“Targeted advertising today is based entirely on keywords, but in the future it will be based on a deeper understanding of the specific personality, desires, and needs of each consumer,” says Ray Kurzweil.

Yahoo calls them “Interest-based Ads” – and now they give you the option of opting out of the behavioral targeting and categories that they have already opted you into.

On March 13, 2010 Facebook overtook Google as the world’s number one Web site… and with an average user time of more than 55 minutes.

“If the 2000s was the Google decade, then the 2010s will be the Facebook decade,says Steve Rubel, Director of Insights for Edelman Digital, a division of Edelman – the world’s largest independent PR firm. “As with the last 10 years, this era will unleash an avalanche of change for media companies and advertisers. You can see the writing on the wall, pun intended.”

Facebook already knows an incredible amount of each user’s highly specific demographic details, because users are continuously telling each other who they are. With more than 500 million users it has the audience and  the knowledge to sell targeted advertising that can pinpoint viewers by age, gender, special interests and a number of other selectable measures.

And… over 100 million of those FB users are accessing via handheld devices, Facebook will soon follow Twitter by adding location-based technologies to the mix.

“Location is Everything,” was once a maxim reserved exclusively for the real estate market;  now it’s about the Internet.

I predict that within a year SEO experts will rephrase British real estate developer Harold Samuel‘s famous quote about property to say, “There are three things you need in regard to Search Engine Optimization, these are: location, location, and location.”

Advertising is undergoing a rapid and dramatic shift toward location-based targeting. Social networking services like BrightKite, Loopt, Foursquare and Gowalla provide users with GPS-aware devices, to check-in, rate and add tips that other users can reference when in unfamiliar territory.

“There’s a lot of attention being focused on location-based services and mobile social networks right now, and for good reason,” Sam Altman, Co-Founder and CEO of Loopt. “These applications represent the future of social media. They’re expanding our circle of friends online and offline. They’re changing how we meet people. They’re affecting where we go and why. They’re forging important connections between our online networks and real life.”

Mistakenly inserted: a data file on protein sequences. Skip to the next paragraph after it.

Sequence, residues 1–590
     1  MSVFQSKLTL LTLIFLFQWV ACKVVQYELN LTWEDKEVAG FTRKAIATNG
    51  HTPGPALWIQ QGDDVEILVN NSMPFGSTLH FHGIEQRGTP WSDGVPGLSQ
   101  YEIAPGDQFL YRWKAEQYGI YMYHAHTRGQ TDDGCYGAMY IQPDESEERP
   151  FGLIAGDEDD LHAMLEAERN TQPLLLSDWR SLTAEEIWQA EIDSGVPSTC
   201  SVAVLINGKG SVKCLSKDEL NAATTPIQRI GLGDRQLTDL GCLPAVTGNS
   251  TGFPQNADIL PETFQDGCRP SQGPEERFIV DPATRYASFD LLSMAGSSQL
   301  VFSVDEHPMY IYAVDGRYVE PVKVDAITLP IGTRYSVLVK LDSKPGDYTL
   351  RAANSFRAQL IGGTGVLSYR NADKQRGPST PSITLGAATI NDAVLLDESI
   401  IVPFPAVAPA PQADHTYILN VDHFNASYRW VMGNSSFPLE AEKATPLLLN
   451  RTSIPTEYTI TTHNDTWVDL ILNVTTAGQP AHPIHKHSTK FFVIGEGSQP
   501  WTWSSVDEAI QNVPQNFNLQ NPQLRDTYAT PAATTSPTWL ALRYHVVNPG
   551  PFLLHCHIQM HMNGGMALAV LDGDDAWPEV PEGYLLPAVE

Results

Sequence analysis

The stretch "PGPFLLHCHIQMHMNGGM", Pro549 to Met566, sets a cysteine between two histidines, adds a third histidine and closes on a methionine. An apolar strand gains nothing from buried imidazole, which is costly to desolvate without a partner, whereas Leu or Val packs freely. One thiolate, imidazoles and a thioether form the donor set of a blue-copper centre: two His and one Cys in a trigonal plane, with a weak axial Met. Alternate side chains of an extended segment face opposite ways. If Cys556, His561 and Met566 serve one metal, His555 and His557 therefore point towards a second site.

Altman tells the Wall Street Journal that he calls the set of all places that you go (and information about when you go, for how long, who with, etc.) your Life Graph. The rise in popularity of location-based social networking goes hand-in-hand with the ubiquity of hand-held devices like the Android, iPhone and Blackberry – smart phones that have the ability to determine a user’s current location by employing GPS or cellular tower triangulation.

Steve Rubel says, “Websites will become less important over time. They will be primarily transactional and/or utilitarian. Brands will shift more of their dollars and resources to creating a robust presence where people already are and figure out how to use them to build relationships.”

Here at DesignWise Studios we are continuing to shift with the times as evidenced by our own CMS-driven Web site… not to mention our focus on social media, video production and now, location-based technology. Here’s one last provocative question: Have you seen your own spectacular Web site as displayed on a hand held device? The experience might be chilling. Our design team is also tech-savy in that regard… Contact us if you are ready to enter the 21st century.

“Life is change. How it differs from the rocks.” – Jefferson Airplane